Matt Gaffney’s Wall Street Journal contest crossword, “Let’s Split the Last One”—Laura’s write-up
Laura here for Dave, who is running a marathon! Rock on, Dave! This week, the contest asks us for a “well-known sitcom.” So let’s see what we have:
[17a: Dumas title characters]: ATHOS PORTHOS ARAmis
- [28a: Famed double play makers]: TINKER EVERS CHAnce
[42a: They sang “Suite: Judy Blue Eyes” at Woodstock]: CROSBY STILLS NAsh
- [54a: Men’s clothing retailer since 1887]: HART SCHAFFNER MArx
Took me a bit to figure out that we were supposed to leave off the ends; I got those mostly through the crosses. Which led me to suspect that “split[ting] the last one,” as the puzzle’s title suggests, had something to do with the meta. And indeed (after briefly glancing down the rabbit hole of trying to use the leftover bits to spell something), inspiration burst through my mental fog like getting canned must have burst through the fog of Charlie Sheen’s career: each themer is TWO AND A HALF MEN — the improbably long-running sitcom starring Sheen against character as a total asshole (one man), Jon “Duckie” Cryer as his put-upon brother (two men), a cute young kid (and a “half”) who aged and then was Cousin-Olivered out of the cast in the final seasons to be replaced by a cuter, younger kid, plus many fine B-list actors. The show is credited with propelling Chuck Lorre along a meteoric rise to fame, so that he could create The Big Bang Theory, which is a marginally better show that does a wonderful job of enforcing stereotypes about scientists.
The names of The Three Musketeers — ATHOS, PORTHOS, and ARAMIS — are safely in the wheelhouse of literary trivia, and CROSBY, STILLS, and NASH are classic rock legends. Neil YOUNG was indeed at Woodstock — but he didn’t sing on their performance of “Suite: Judy Blue Eyes” although he was introduced with the rest of the band. (Note: I am available for your pub trivia team if you need a ringer for the classic rock round.) But heads will likely be scratched regarding the 1910 Chicago Cubs Joe TINKER, Johnny EVERS, and Frank CHANCE, who were immortalized in the poem “Baseball’s Sad Lexicon,” in the New York Evening Mail. I only remember them from the 1949 movie musical Take Me Out to the Ballgame, in which the poem was parodied as “O’Brien to Ryan to Goldberg.” (Note that I’m also available for the movie musical trivia round.) As well, you may be wondering why Matt expected average puzzle solvers to know men’s clothier HART SCHAFFNER & MARX. The Chicago company was Barack Obama’s favorite suitmaker. He wore HartMarx (as they are now known) suits exclusively during the 2008 presidential campaign, when he accepted the nomination at the Democratic National Convention, and at his inauguration. Full disclosure: the label was vaguely familiar to me, but I had to look up the full name of the brand.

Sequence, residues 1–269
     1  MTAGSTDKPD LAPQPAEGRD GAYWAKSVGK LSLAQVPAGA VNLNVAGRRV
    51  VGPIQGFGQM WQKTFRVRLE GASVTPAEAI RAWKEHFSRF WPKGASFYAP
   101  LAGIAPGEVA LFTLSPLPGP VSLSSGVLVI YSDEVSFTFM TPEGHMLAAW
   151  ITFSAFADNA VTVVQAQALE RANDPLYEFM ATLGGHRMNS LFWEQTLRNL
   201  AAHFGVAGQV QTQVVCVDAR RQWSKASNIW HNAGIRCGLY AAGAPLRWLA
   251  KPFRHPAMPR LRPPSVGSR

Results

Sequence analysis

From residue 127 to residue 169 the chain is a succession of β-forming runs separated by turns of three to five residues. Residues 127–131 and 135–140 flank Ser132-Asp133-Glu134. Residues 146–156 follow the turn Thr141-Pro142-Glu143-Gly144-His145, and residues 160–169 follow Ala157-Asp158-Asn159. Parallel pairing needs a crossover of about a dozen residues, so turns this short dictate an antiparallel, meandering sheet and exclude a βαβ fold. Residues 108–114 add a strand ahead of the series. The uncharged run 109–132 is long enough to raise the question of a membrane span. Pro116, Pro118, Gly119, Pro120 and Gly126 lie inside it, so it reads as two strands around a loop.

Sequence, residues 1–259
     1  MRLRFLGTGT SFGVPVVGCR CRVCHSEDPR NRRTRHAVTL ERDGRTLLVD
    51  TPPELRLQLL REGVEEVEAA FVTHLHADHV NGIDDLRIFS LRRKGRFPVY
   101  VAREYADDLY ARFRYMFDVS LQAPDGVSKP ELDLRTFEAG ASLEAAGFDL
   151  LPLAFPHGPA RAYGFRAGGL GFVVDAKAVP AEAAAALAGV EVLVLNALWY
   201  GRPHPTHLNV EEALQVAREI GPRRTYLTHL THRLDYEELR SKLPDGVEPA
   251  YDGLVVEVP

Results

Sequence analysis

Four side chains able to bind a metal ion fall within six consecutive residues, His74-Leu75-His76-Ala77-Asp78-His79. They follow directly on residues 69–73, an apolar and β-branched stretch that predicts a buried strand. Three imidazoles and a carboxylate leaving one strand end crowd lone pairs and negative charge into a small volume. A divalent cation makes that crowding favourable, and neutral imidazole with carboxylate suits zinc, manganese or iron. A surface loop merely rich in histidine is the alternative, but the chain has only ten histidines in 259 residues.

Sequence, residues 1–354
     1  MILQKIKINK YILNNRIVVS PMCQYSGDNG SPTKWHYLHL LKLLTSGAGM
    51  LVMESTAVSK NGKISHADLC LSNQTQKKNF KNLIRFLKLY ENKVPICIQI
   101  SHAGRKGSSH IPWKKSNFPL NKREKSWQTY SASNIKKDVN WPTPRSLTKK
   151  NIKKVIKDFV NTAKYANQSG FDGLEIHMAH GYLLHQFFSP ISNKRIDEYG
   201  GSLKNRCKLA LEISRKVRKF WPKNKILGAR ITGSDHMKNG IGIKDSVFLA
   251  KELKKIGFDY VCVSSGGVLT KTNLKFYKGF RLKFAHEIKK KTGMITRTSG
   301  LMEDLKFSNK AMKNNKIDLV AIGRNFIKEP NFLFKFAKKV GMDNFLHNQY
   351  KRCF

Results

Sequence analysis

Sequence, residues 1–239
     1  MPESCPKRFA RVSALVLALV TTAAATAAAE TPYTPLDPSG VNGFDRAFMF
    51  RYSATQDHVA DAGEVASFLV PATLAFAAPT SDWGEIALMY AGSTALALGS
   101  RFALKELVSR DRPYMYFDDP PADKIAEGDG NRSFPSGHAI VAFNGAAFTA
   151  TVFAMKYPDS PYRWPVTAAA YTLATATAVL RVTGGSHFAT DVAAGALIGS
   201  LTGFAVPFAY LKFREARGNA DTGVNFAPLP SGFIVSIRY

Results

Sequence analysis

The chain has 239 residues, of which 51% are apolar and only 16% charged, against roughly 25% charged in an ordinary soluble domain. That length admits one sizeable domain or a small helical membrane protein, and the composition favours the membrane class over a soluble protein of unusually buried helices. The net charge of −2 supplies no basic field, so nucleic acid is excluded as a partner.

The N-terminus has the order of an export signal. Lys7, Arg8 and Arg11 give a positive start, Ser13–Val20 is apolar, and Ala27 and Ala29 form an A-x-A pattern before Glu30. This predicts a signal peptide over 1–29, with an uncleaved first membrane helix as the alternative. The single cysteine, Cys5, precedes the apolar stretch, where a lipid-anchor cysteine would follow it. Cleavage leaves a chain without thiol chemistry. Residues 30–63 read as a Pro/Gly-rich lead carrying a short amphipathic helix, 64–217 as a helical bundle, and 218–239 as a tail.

Something inside is telling me that I’ve got your secret.